When Stress is Too Much

School is stressful. And having a little bit of stress in your life is good—it keeps you motivated and makes life interesting. But too much stress can be unhealthy. And other times, stress is a symptom, not the problem. So, when is stress too much to handle and when is it time to figure things out? Well, let’s take a look at a couple indicators of when you might need to take your stress to a doctor.

Disclaimer: I am not a doctor, and what I say should not be used as a reason to NOT go to a doctor. If you have any question about it at all, it is better to get it sorted out as soon as possible!

Symptoms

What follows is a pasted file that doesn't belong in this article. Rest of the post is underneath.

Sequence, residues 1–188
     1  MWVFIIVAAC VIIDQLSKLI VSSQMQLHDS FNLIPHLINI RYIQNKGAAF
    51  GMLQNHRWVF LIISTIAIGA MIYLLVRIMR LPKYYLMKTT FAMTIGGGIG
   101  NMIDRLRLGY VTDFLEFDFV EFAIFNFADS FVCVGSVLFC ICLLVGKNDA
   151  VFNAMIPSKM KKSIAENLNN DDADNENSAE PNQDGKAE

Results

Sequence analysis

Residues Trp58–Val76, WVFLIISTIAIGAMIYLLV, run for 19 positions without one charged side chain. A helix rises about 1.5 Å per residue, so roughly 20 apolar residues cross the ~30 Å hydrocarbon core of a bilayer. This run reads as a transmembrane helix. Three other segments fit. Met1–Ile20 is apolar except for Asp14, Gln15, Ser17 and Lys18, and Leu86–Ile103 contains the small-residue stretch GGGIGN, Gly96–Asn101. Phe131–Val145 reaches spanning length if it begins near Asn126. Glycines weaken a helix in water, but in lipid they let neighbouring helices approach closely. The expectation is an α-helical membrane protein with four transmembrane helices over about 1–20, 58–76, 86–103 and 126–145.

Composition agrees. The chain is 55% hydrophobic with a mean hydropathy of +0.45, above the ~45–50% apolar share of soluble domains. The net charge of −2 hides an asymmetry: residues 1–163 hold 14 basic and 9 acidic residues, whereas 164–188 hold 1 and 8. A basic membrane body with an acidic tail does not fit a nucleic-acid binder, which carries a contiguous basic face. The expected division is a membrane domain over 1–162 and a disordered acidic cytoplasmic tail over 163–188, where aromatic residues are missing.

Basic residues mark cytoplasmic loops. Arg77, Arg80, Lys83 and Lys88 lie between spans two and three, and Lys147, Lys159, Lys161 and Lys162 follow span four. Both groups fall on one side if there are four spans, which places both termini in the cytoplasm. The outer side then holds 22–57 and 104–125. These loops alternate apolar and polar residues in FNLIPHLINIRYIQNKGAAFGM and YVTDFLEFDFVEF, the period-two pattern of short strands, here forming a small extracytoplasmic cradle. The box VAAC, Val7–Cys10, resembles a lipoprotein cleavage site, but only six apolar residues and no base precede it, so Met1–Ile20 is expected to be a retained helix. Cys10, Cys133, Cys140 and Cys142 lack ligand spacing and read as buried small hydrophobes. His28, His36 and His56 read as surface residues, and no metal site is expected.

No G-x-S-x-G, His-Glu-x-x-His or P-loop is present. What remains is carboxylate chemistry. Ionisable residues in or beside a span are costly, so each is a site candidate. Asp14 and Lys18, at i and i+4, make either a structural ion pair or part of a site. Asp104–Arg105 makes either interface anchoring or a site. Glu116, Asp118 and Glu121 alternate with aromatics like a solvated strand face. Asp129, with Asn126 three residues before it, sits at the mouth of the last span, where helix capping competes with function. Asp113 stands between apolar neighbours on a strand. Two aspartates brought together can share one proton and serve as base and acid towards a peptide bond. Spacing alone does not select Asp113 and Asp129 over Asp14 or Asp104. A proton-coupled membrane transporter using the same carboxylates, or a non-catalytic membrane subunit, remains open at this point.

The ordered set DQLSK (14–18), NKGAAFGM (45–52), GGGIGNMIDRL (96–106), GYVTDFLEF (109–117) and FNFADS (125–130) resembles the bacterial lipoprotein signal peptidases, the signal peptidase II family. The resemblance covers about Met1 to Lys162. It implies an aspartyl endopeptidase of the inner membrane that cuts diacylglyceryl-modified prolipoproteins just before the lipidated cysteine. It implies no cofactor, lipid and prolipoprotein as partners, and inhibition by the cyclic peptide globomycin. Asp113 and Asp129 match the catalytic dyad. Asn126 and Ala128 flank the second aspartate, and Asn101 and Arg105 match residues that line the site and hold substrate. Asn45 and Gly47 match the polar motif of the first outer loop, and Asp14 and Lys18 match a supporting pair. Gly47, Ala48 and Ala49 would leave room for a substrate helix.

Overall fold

Here’s the real deal: typical stress has a lot of the same symptoms as many other underlying causes. Take clinical depression, for example (I am EXTREMELY passionate about depression). Both stress and depression share the symptoms of feeling bad about yourself, avoiding others, feeling overwhelmed and a lack of control, and becoming easily agitated or moody. A lot of other physical health issues have similar symptoms, as well. So, how do you know whether stress is the problem or if stress is just a symptom? My general rule of thumb for this is if you experience five differences between your normal self and your “stressed out” self, you should see a doctor. For me, if I am experiencing a difficult time sleeping, a lack of motivation, an agitated mood, and two other symptoms, I know that I need to go to my doctor! Once again, this is not all-encompassing. Even if you have just one symptom, you still have reason to go see a doctor. Always check with your doctor if you have any concerns.